So what does this have to do with triathlon? Well, actually, a lot. Why? Because sexual abuse is particularly pervasive in sport. Nancy Hogshead-Makar, a retired Olympic swimmer and advocate for women and girls in sport, wrote for ESPN that the #MeToo campaign “has once again brought to light the constant objectification of women in sports. Coaches and reporters tweeted about being groped or flashed, and athletes tweeted repeatedly about the entitlement of their male peer athletes and, in particular, about powerful, sexually demanding coaches.” This reality is just as true in triathlon as it is in gymnastics, swimming, running, sailing, or cycling.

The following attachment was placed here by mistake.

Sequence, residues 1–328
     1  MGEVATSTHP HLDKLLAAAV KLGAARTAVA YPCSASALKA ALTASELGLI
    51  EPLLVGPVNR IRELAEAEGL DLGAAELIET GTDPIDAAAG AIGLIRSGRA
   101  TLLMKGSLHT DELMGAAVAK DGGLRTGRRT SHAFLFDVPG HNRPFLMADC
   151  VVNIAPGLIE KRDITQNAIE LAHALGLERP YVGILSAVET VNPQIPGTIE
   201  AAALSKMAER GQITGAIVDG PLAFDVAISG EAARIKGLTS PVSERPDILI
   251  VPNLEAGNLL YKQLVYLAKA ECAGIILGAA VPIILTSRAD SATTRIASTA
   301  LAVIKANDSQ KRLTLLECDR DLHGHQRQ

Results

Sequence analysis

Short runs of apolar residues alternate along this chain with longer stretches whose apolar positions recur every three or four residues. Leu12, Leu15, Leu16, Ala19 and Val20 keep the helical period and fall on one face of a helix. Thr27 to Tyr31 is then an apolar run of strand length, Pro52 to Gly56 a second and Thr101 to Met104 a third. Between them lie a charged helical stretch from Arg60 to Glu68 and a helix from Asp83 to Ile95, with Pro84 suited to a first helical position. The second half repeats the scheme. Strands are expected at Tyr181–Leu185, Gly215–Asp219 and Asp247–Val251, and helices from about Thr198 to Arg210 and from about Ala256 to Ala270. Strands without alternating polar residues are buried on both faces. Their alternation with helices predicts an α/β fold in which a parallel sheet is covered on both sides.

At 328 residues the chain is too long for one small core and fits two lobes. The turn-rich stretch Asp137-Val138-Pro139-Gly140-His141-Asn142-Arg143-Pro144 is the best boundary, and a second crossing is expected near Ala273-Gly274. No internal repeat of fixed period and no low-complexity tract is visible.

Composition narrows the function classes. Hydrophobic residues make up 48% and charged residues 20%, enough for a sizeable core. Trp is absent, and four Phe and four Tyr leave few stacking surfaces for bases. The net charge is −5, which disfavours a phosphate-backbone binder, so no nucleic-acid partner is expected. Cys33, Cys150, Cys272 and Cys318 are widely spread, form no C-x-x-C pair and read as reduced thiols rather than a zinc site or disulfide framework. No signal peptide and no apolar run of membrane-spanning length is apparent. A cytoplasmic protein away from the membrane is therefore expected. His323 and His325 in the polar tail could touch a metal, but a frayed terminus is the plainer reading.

We know women triathletes still receive smaller prize purses than men in many races, we also know women triathletes don’t receive the same coverage as their male counterparts. And while it is easy to dismiss these two examples as not relevant to sexual abuse, it is important to understand these behaviors exist on a continuum and in a system that values men, and men in sport, over women. Women athletes are often objectified by commentators and the media–their weight or attractiveness discussed and dissected while their athletic accomplishments are left to the side. Lizzie Armistead, a British cyclist, and former world race champion, spoke about the harassment she experienced as a cyclist in her book. Guardian columnist Barbara Allen describes one experience when Armistead was 19 years old. The night before her world champion win, she was requested to play Nintendo Wii in front of her male teammates while they watched. She was “subtly toyed with, [and] slyly objectified, simply because she’s female.” Sarah True, Olympic triathlete, has also spoken of her experiences with sexism in triathlon. Once married, she became the the wife of an accomplished triathlete, versus a two-time Olympic qualifying triathlete herself.